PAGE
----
I began my first step with dance. For years I had avoided situations where I would have to dance and felt sick about dancing in front of people. So I took a hip hop dance class – the style that scared me the most. From that class I took more classes and then got a group of women together and we performed twice in front of an audience. Regardless of what I may or may not look like when I dance, it has become one of the great loves in my life.

Then I decided to speak in front of an audience – sharing personal stories about myself to overcome my fear of public speaking. Using my breath and the authenticity of my stories I got through it. Now I never hesitate to speak in front of a group.

I got naked outside and my friend took photos of me. I did this over and over and I’m more comfortable naked than clothed these days. If you don’t like it, thats okay – because I do.

I learnt to orgasm without my face covered. To move my body in sex the way that I move it when I’m dancing. To let go. To breathe. To be free.

I took my first Bodysex workshop. Two days in the nude being vulnerable with strangers. Today I am a trained Bodysex facilitator leading my own workshops in the nude.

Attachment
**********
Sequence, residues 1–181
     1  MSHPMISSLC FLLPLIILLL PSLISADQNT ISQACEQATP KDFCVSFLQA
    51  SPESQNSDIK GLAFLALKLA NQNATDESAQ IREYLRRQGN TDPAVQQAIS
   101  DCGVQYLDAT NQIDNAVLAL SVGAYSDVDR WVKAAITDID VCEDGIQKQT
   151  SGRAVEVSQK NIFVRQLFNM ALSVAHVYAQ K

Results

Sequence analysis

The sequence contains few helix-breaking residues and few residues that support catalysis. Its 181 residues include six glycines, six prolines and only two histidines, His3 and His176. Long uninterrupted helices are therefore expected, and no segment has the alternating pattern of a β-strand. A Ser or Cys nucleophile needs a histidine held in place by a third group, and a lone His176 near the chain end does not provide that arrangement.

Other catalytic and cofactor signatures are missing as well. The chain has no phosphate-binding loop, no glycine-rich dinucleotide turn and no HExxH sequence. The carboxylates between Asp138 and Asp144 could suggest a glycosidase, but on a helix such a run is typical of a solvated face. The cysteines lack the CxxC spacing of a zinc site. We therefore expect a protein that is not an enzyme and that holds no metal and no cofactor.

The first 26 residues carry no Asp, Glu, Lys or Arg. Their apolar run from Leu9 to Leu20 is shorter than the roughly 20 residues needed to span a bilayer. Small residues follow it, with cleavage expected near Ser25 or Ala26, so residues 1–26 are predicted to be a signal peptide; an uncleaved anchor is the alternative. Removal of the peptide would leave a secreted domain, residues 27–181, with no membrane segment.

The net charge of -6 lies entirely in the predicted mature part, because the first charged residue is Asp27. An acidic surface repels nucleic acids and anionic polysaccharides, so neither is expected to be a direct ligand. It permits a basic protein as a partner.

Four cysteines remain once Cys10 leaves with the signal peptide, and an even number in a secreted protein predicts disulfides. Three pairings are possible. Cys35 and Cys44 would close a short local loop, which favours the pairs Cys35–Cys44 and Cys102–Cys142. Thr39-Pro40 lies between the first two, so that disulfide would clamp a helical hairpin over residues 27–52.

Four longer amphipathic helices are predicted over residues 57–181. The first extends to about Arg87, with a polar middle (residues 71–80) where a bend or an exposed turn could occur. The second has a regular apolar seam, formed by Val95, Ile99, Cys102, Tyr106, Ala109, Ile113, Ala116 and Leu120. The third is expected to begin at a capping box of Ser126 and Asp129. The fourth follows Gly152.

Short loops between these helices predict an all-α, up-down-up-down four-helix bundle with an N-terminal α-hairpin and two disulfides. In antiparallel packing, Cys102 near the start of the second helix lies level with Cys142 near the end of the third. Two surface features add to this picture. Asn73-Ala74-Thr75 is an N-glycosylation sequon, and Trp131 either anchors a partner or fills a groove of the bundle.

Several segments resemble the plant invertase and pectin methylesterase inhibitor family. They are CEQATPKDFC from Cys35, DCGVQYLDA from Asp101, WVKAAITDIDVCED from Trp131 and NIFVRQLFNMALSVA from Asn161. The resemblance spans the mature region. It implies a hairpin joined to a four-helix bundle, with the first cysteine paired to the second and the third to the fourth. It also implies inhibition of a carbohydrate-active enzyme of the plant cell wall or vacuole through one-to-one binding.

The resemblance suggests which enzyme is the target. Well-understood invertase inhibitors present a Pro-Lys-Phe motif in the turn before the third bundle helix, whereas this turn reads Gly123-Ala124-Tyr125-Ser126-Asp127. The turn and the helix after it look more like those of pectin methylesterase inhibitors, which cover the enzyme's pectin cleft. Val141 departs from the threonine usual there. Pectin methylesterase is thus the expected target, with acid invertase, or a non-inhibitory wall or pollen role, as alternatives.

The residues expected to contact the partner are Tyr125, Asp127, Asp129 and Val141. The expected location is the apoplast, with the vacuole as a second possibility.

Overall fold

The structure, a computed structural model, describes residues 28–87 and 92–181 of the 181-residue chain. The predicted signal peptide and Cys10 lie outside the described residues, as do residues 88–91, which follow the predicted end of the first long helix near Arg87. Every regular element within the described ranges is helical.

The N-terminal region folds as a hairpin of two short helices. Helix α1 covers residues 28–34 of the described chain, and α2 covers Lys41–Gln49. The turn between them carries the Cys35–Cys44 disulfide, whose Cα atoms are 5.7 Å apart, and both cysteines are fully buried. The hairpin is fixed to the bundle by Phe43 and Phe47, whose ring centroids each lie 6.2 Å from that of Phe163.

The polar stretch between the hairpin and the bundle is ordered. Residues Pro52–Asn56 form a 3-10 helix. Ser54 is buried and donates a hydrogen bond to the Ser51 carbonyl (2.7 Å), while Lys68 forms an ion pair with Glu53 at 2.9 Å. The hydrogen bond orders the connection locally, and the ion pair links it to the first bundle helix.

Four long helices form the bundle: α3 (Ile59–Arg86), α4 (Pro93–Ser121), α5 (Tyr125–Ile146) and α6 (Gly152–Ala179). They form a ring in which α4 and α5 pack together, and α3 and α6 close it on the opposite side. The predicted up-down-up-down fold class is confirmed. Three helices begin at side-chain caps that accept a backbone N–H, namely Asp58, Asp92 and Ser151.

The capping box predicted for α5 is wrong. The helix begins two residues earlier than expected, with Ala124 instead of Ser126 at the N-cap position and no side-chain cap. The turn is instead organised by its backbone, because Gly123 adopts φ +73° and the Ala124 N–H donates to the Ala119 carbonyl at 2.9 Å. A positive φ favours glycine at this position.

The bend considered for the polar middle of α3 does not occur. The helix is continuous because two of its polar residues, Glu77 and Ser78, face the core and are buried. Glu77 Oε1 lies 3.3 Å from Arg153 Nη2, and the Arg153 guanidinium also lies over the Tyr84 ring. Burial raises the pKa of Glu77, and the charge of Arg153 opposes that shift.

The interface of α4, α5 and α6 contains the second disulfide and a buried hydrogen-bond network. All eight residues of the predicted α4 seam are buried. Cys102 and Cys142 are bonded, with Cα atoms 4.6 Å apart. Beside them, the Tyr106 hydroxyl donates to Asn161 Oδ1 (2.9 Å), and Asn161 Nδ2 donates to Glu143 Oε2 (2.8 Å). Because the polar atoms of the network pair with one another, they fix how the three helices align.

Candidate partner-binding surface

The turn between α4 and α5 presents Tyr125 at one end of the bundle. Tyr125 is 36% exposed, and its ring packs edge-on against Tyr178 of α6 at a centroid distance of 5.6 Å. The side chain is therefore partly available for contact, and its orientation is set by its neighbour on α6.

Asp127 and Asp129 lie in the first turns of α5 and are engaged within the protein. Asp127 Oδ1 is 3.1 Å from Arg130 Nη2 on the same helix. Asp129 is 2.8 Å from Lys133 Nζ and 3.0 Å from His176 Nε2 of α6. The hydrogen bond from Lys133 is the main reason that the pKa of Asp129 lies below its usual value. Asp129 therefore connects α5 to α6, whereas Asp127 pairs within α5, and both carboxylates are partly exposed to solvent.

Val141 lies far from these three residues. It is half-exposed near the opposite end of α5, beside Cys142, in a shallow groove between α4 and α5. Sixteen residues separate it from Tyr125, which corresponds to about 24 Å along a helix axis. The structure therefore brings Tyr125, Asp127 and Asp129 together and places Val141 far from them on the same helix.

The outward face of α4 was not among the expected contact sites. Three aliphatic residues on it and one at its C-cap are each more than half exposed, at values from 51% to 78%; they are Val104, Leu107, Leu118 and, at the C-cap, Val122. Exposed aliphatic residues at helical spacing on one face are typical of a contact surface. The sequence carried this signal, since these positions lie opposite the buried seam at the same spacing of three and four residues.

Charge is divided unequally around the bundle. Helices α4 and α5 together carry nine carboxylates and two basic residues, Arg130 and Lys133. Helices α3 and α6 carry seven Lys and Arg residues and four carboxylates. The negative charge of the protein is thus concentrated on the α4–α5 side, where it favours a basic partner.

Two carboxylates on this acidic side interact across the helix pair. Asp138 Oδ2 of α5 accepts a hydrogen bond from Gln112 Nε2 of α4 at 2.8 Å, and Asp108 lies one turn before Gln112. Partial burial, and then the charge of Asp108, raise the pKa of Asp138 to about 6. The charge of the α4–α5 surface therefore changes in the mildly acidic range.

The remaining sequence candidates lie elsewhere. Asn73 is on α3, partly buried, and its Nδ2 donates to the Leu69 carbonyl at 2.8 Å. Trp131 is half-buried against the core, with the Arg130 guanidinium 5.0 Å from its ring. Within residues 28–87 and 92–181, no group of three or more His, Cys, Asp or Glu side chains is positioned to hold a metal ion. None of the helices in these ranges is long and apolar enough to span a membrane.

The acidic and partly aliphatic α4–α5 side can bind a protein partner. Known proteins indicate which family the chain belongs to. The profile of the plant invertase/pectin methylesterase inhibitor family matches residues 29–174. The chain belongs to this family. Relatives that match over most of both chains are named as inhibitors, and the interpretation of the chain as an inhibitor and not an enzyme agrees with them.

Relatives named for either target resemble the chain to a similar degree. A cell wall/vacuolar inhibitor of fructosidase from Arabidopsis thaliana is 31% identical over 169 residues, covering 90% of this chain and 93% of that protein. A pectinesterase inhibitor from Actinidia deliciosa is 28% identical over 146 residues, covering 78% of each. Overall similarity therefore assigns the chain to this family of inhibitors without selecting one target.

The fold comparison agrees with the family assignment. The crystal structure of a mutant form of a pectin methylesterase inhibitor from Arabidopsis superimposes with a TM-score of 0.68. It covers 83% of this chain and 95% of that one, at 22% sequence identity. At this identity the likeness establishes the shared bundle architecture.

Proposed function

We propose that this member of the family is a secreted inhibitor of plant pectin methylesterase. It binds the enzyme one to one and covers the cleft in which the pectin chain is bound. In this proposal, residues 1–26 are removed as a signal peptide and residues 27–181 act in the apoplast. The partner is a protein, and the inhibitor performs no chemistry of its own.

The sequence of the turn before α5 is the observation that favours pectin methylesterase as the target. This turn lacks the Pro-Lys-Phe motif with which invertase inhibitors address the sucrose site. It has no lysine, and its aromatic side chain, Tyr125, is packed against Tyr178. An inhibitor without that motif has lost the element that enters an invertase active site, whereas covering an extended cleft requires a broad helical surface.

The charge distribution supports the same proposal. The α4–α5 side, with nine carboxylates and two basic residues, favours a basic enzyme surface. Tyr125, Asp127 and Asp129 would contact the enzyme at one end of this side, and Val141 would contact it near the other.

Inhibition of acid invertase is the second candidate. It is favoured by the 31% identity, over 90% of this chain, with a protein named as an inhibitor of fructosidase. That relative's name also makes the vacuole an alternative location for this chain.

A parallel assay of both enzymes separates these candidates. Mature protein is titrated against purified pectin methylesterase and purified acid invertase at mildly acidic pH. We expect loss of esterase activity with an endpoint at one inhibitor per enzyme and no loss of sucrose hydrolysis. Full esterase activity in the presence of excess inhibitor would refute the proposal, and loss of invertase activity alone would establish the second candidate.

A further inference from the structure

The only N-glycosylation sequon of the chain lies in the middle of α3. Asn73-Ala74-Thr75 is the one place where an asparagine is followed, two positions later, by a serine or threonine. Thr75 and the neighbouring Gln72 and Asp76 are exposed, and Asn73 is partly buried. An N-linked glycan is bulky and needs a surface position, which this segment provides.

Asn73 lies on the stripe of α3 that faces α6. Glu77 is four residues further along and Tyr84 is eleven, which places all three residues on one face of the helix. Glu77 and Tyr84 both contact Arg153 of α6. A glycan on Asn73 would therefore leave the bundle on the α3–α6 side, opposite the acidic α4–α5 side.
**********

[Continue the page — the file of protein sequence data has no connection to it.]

Separate but together my son and I learned that we can do anything that we want to do and that our anxiety can be overcome with courage, breath and simply allowing space in our bodies to feel whatever we feel. It will pass. We cheered each other on, we followed each others milestones and provided empathy at each others setbacks. We were honest and we never stopped supporting each other.

In my work now I have incorporated this belief in the power of shared vulnerability and I think that it is unique to me and is essentially my way of making this work my own. I cannot and will not ask anyone to meet me anywhere naked without going there myself – in all ways. No matter how many times I do it it is a bit scary but, like a worked muscle, I also get stronger. This is evident in the workshops I lead, nude photo sessions that I am a part of, and in my own private orgasm coaching. Of course I still have fears and there are many things that I still want to do, but the difference now is that I know I can do them.

I look at my son now – so tall, with his shoulders back, proud and empathic. He created and followed his own steps to overcoming his anxiety and now shares his story with other kids anytime he hears that they are going through the same thing. He wants them to know that they are not alone and that it can get better. How grateful I am that at 12 my son knows the power of shared vulnerability – something that took me 35 years to figure out. I can only imagine the depth of experiences and feelings that he will have throughout his life because of this.

Thank you Mateyo. <3